HFCS is increasingly used to sweeten packaged products because it’s cheaper than cane sugar.
Fructose is the only common sugar known to increase uric acid levels... an effect that would explain the results seen in the new study.
When researchers give fructose to animals, they develop key features of metabolic syndrome: abdominal fat, high triglycerides, low HDL cholesterol levels, high blood pressure, and insulin resistance.
However, it takes massive amounts of fructose to raise rats’ uric acid levels, because they and most other animals have an enzyme that breaks down uric acid.
Humans lack that enzyme and therefore can develop gout—which is caused in part by high uric acid levels—but other animals don’t.
Thus, it’s no surprise that patients with high blood pressure, diabetes and kidney disease often have high uric acid levels.
There is no evidence that cane sugar (white table sugar) is any healthier than high-fructose corn syrup, because both sweeteners are about one-half fructose.
Instead, heart and diabetes risks stem from excessive consumption of any kind of sugar, including HFCS, cane sugar, beet sugar, and honey.
Both glucose and fructose have distinct drawbacks when eaten in excess.
All of the commonly used sugars are about 50/50 glucose and fructose, and either will promote disease when eaten in excess … especially when these combined sugars are used (in the form of cane sugar or HFCS) to sweeten almost every packaged and prepared food in sight.
America's sugar habit worsens, and drives disease
According to the National Cancer Institute, the average American’s intake of added sugars totaled a whopping 22 teaspoons per day in 2004… two to four times the maximum recommended by the AHA (NCI 2008).
And Louisiana State University researchers estimated that, from 1977 to 1995, the average American’s intake of added sugars increased by more than one-third (35 percent), from 235 calories to 318 calories (Bray GA et al. 2004).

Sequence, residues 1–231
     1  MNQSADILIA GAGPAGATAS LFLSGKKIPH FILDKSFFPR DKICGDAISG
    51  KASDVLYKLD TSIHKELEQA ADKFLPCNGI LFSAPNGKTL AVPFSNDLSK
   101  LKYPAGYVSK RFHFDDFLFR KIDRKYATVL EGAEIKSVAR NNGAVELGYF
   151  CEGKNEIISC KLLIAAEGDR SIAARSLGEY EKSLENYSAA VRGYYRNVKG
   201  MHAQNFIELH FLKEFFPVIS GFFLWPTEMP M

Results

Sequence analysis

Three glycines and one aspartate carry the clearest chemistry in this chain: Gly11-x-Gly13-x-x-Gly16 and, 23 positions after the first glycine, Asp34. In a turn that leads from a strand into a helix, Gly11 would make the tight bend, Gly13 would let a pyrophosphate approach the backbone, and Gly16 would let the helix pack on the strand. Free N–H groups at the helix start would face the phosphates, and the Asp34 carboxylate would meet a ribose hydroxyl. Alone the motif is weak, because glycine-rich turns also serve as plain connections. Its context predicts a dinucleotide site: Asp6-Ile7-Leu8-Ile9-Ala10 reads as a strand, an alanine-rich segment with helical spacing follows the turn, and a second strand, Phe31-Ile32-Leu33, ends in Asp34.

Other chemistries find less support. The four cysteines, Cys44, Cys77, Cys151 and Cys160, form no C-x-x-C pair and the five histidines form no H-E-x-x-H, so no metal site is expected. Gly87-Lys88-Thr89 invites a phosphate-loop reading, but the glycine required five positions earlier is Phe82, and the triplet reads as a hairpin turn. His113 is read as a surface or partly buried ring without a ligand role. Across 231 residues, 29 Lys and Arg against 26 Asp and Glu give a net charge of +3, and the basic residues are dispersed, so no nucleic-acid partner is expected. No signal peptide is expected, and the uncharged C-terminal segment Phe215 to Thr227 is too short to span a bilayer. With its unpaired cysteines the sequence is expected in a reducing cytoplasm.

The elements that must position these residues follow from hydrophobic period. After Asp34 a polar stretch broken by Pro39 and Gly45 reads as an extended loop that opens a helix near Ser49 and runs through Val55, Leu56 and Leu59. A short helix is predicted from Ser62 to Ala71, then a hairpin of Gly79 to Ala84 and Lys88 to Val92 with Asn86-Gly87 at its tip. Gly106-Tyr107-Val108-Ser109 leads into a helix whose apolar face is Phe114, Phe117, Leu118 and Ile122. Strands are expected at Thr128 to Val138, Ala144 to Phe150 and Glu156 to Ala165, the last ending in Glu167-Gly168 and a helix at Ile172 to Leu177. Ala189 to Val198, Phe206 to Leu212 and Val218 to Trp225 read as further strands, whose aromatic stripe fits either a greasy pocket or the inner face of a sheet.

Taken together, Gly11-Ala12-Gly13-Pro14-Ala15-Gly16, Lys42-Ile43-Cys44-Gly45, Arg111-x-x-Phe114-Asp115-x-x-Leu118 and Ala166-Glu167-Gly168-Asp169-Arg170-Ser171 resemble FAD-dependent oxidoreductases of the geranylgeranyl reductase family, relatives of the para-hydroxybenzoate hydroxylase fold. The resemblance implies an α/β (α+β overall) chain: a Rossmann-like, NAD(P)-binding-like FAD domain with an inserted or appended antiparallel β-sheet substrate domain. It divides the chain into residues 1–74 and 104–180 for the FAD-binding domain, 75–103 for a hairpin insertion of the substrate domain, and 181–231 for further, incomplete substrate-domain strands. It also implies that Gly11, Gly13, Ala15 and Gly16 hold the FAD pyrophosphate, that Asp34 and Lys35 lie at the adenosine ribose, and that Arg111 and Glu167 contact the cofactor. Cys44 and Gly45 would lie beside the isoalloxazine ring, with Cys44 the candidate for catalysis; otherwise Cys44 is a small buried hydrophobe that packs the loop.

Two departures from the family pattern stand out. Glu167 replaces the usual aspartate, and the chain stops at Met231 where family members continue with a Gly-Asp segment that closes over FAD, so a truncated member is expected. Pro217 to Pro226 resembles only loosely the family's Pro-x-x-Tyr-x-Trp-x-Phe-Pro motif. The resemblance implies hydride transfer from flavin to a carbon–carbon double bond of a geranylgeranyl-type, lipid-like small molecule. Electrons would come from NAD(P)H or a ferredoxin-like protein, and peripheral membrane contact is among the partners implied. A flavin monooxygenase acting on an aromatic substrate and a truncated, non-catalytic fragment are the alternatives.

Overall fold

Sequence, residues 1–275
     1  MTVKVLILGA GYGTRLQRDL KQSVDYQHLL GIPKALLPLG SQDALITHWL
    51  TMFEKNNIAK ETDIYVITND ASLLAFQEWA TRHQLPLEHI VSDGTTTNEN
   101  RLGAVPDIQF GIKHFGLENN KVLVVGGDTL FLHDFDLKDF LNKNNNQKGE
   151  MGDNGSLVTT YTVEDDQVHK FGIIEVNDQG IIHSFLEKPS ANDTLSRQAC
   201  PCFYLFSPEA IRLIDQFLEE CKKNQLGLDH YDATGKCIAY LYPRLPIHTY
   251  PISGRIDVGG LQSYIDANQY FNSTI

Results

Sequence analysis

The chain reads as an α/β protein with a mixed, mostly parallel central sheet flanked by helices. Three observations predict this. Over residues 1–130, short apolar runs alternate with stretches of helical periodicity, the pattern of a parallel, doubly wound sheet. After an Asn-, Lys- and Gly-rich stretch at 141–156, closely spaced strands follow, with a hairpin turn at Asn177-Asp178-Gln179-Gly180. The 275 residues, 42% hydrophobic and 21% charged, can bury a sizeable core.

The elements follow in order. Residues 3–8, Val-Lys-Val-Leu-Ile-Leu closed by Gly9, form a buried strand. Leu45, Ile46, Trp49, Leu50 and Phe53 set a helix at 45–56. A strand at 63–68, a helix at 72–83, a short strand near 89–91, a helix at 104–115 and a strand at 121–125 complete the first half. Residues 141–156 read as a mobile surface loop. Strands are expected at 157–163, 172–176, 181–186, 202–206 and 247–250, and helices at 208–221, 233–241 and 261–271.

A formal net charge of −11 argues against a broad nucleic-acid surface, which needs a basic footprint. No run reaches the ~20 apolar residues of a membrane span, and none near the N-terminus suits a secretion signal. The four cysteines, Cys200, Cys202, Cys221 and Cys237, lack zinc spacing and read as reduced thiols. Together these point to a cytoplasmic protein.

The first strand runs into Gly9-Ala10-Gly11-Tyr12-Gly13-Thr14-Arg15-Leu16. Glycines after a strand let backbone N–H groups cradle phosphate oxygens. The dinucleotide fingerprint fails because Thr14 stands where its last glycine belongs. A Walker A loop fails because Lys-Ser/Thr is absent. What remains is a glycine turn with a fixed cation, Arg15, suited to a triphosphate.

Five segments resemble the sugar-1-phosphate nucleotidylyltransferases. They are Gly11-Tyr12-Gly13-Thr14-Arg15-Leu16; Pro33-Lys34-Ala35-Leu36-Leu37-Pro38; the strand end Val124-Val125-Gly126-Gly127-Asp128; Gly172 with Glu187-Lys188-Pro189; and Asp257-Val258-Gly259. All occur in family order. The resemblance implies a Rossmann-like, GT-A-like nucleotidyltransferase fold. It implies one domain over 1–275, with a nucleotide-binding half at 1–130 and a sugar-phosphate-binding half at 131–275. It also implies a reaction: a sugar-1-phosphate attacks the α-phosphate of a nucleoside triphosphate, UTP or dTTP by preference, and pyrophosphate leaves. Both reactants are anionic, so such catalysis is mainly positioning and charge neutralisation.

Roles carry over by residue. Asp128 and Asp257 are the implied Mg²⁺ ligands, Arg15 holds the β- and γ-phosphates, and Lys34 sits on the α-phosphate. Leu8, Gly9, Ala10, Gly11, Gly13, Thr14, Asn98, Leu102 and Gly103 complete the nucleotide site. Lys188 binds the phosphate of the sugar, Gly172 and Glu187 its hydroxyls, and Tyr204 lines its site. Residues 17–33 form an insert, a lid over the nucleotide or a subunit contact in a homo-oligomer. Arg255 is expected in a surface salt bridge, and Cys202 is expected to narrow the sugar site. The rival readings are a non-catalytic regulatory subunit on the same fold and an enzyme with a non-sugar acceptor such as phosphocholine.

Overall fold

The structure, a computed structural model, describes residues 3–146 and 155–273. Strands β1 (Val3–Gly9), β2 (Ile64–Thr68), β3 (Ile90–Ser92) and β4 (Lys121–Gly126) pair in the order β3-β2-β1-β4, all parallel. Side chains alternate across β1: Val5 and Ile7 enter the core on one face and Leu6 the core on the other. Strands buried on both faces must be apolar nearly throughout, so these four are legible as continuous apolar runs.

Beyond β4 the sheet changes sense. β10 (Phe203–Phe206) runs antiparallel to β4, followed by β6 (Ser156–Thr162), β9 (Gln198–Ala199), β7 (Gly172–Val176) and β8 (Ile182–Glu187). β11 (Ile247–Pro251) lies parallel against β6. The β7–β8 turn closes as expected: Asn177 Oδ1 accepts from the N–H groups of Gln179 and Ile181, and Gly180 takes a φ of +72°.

During this 18-year period, they estimated that average American’s intake of high-fructose corn syrup (HFCS) intake increased from 80 to 132 calories per person. This means that HFCS accounted for more than half (62 percent) of the increase in added sugars.
Rates of overweight and obesity have been on a steady rise for decades, and a very compelling case can be made that excess sugar consumption has played a significant role.
Fructose is seen as particularly to blame for obesity because it bypasses many of the body’s satiation signals, which makes it easier to over-consume calories, gain weight, and develop insulin resistance.
And as we've seen, fructose increases uric acid levels, which in turn promotes many of the components of metabolic syndrome, including high triglyceride levels.
But as explained in the sidebar titled “Cane sugar vs. corn syrup”, glucose has plenty to answer for, too.
Fructose: “Fruit sugar” in name only
Marketers have misleadingly labeled fructose “fruit sugar” to make it sound friendly, even though most of the sugar in most fruits is sucrose, only half of which is fructose.
You could just as accurately call glucose “fruit sugar.”